Among the richest sources of new wealth in 2021 were less tangible assets: digital assets, newly listed tech stocks, and special purpose acquisition companies (Spacs).

The gyrating value of digital coins added and then erased billions for cryptocurrency influencer Mike Novogratz, while a record number of initial public offerings increased the paper wealth of founders such as Brian Armstrong of the platform. crypto-trading Coinbase and Brazilian CEO of FinTech David Velez.

Former US President Donald Trump, who left office much poorer than when he entered the White House, could make billions of dollars if his fledgling media company manages to complete its Spac merger with a blank check company .

At the end of the year, 42 members of the Bloomberg Billionaires Index made their ranking debut in 2021, mostly through IPOs.

All in all, it has been a year of big swings and massive payouts. With soaring valuations and growing mistrust of potential tax hikes, many billionaires have seized the opportunity to sell.

A low-key Chicago clan has struck a $ 32 billion deal with private capital for its medical supplier, possibly the biggest liquidity event in history for a single family.

America’s richest billionaires unloaded $ 43 billion in stocks in early December, more than double the $ 20 billion they sold in 2020.

Fortunes have been reshaped in other ways. The Gates ‘divorce has meant the Microsoft co-founder has divested assets, while securing Ms French Gates’ own place in the index, where she is ranked 194th.

MacKenzie Scott set philanthropy records as her former husband, Mr Bezos, stepped up giving to environmental causes after he stepped down as chief executive of Amazon.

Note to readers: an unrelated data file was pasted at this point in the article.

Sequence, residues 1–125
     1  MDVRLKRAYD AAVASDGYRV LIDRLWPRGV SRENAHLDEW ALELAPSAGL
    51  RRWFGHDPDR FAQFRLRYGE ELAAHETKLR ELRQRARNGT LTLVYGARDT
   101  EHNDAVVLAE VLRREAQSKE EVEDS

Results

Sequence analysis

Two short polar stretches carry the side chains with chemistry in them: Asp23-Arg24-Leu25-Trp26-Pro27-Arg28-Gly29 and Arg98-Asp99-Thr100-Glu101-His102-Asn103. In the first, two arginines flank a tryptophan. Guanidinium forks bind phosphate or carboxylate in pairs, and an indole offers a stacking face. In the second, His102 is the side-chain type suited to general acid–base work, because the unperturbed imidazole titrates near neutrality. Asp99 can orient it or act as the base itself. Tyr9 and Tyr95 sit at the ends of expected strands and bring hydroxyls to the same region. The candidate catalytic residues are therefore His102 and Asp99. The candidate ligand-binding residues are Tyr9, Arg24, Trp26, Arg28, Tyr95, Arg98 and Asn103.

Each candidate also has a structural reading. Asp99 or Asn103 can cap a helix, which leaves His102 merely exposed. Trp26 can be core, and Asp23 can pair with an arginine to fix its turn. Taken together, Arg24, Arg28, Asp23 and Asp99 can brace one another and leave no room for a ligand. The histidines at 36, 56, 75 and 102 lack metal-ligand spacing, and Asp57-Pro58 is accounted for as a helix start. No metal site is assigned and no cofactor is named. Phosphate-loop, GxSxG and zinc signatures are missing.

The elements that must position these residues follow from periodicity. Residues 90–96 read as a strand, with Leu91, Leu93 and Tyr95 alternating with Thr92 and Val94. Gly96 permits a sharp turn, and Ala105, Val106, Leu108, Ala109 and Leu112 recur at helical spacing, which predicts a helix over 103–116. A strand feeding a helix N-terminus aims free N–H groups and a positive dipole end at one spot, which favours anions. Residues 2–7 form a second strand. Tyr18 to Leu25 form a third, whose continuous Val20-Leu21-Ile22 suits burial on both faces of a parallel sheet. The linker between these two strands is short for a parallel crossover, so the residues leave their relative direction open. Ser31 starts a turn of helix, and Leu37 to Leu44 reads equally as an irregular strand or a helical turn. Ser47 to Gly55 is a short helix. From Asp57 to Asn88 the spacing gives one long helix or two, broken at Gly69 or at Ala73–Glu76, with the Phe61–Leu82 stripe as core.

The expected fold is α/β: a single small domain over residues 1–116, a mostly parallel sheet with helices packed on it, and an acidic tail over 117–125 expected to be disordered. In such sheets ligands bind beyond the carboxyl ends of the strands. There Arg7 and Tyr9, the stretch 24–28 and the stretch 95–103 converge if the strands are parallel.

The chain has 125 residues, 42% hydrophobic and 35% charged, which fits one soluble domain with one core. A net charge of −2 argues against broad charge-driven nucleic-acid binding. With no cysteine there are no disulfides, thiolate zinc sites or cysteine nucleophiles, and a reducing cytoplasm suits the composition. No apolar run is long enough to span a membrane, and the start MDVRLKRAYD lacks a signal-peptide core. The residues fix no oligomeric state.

Along with the stratospheric monetary gains, there have been implosions. In March, former hedge fund manager Bill Hwang went from obscurity to infamy in the blink of an eye when his family office, Archegos Capital Management, collapsed under the weight of leveraged betting embittered, vaporizing a fortune of $ 20 billion.

Since the mid-1990s, the share of wealth held by the richest 0.01% in the world has increased from around 7% to 11%

Lucas Chancel, co-director of the World Inequality Lab at the Paris School of Economics

At the center of it all – market volatility, drifting cryptocurrencies, tax talk, selling, record wealth gains – was Mr. Musk. The revered and vilified entrepreneur peaked the index in January and remained at the top for most of the year, thanks to Tesla’s rising stock price, steady earnings growth and value. growing SpaceX.

The rise of the electric car maker has been so steep that it propelled its third shareholder, Leo KoGuan, a low-key Singapore-based retail trader and avowed Mr. Musk super fan, to the index with a fortune of 10, $ 8 billion.

A constant throughout the year have been the often sophomoric tweets of the world’s richest person mocking regulators, mocking cryptocurrencies, or pondering the obligations, fiscal and otherwise, of the super rich. Mr. Musk’s social media feed frequently reflected the adversarial relationship between mega-billionaires and everyone else in a volatile and increasingly unequal time.

The 10 richest people in the world in 2021

  1. Elon Musk – $ 273.5 billion
  2. Jeff Bezos – $ 194.2 billion
  3. Bernard Arnault – $ 177.1 billion
  4. Bill Gates – $ 138.3 billion
  5. Larry Page – $ 129.5 billion
  6. Mark Zuckerberg – $ 128.4 billion
  7. Sergey Brin – $ 124.6 billion
  8. Steve Ballmer – $ 120.7 billion
  9. Warren Buffett – $ 109.5 billion
  10. Larry Ellison – $ 108.1 billion

Updated: January 2, 2022, 7:56 a.m.